The barman showed me his photo. If someone had asked me to draw a picture of a hermit, I would surely have come up with an approximation of the man in the photo. He was small—"No more than 100 pounds drippin' wet," the barman said—with a long white beard and he was holding the pelt of a snake in his hand.
"Take him beer if you're goin' up there," the barman told me on my way out. "And if he don't like ya, he'll soon let ya know."
For as long as there's been civilization, there have been people wanting to get away from it. In Christianity, the hermit tradition began with the Desert Fathers, a movement of ascetics who went out in to the deserts of Egypt starting in the third century as a reaction against the wealth and excess of the early church.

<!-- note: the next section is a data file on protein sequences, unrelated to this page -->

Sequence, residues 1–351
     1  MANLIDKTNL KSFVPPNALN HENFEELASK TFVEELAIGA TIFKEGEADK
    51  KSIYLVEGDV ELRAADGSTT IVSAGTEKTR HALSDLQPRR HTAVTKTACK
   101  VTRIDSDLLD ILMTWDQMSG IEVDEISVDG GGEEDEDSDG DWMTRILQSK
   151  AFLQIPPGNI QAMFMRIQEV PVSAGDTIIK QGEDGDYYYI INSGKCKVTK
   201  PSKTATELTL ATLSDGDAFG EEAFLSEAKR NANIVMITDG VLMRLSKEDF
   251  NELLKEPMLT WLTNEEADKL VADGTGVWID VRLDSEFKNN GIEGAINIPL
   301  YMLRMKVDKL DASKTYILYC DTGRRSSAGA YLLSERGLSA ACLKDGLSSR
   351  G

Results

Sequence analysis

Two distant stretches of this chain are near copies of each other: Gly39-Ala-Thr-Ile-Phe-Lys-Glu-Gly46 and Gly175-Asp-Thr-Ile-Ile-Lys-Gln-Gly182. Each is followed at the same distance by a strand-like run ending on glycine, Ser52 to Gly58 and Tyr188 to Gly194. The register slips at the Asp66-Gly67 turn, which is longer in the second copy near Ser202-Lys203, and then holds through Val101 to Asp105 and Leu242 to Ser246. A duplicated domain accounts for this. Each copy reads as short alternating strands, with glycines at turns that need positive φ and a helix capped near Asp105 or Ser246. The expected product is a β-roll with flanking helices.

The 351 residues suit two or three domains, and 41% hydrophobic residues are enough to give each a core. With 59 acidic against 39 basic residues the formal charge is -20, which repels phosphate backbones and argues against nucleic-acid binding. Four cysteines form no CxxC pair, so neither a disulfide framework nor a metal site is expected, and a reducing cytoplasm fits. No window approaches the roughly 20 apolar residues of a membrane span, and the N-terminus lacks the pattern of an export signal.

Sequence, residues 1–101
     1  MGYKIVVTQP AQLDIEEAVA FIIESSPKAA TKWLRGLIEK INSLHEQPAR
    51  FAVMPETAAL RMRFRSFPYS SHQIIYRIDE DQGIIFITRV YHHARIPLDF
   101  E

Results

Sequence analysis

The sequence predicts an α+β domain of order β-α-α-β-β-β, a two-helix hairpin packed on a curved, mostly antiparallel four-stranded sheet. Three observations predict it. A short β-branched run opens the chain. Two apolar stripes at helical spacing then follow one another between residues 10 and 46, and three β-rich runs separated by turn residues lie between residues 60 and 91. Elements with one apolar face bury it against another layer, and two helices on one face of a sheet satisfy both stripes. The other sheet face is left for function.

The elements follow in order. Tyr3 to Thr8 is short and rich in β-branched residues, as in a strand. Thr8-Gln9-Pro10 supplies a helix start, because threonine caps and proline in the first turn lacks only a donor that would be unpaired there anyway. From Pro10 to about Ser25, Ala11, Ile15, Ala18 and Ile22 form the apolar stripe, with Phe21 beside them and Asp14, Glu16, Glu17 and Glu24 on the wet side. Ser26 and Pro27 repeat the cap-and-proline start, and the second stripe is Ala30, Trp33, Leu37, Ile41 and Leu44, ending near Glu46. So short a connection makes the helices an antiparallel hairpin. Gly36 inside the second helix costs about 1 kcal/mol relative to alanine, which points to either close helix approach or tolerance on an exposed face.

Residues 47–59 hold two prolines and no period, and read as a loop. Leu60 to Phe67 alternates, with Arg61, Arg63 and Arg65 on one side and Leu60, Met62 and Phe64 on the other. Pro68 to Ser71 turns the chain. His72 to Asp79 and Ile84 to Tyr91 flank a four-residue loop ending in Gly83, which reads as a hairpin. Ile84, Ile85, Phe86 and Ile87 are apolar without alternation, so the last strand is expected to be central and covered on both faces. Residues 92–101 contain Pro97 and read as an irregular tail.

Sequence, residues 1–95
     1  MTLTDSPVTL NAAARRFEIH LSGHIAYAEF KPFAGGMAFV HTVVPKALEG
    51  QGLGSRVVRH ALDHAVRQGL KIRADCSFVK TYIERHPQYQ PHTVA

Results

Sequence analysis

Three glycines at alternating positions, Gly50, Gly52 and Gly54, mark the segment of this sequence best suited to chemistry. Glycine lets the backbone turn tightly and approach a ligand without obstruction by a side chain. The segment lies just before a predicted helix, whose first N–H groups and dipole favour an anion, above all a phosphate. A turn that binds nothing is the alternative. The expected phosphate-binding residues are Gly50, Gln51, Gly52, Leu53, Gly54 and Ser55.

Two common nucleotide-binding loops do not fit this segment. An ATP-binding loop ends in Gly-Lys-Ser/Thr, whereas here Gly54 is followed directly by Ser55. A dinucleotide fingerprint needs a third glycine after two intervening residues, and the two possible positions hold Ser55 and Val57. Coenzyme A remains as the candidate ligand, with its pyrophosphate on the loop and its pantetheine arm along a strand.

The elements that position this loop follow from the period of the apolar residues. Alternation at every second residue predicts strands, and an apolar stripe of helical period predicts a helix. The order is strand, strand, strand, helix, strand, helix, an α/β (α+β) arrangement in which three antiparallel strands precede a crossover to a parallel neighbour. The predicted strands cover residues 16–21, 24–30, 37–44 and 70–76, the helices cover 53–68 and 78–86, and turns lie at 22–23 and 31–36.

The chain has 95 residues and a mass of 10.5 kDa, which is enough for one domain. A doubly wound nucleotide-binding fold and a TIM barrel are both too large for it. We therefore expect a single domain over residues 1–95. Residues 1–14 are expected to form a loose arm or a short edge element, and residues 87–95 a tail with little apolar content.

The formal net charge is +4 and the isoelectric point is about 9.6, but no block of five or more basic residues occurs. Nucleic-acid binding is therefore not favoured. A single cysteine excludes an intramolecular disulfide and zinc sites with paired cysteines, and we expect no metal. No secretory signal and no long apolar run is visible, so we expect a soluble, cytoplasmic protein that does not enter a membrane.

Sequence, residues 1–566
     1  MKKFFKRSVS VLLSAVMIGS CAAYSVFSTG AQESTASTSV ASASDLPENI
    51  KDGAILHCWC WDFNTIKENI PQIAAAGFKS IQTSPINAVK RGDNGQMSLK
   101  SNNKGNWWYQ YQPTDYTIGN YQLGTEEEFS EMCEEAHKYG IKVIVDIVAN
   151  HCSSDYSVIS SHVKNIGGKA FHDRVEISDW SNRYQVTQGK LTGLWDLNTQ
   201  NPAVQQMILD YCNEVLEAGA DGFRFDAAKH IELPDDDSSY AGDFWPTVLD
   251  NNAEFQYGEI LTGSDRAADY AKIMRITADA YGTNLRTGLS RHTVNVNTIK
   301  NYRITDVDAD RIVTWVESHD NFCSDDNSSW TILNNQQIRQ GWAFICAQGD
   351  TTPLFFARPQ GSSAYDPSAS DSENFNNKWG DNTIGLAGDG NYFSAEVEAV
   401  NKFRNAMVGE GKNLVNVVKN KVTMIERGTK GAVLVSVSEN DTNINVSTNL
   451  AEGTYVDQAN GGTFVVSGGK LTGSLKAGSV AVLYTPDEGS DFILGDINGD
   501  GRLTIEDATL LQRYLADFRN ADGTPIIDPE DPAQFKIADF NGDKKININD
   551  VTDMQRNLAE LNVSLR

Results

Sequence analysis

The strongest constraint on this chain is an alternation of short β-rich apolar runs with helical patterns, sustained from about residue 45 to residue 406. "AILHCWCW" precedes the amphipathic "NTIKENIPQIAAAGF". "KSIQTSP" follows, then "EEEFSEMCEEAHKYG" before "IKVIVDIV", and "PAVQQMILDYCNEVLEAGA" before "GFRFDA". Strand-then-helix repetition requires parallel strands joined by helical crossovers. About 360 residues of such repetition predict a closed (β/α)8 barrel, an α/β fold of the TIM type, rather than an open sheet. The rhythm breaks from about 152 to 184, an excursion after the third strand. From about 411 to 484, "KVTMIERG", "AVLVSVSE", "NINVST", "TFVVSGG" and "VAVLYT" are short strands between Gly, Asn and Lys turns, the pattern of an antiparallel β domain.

This idea of fleeing a corrupt society for a simpler, better life in nature has also inspired many artists and thinkers throughout the years. In 1845, Henry Thoreau famously set out to live alone in a hut by Walden Pond in Massachusetts, in order to "reverse the biblical injunction and labor for one day only, saving the other six for 'free time.'" During his stay, which Thoreau immortalized in the book Walden (the veracity of which is debated), he was arrested and put in jail for a night for refusing to pay his poll tax. At the time, he wrote in his journal: "The only highwayman I ever met was the State itself... I love mankind. I hate the institution of their forefathers."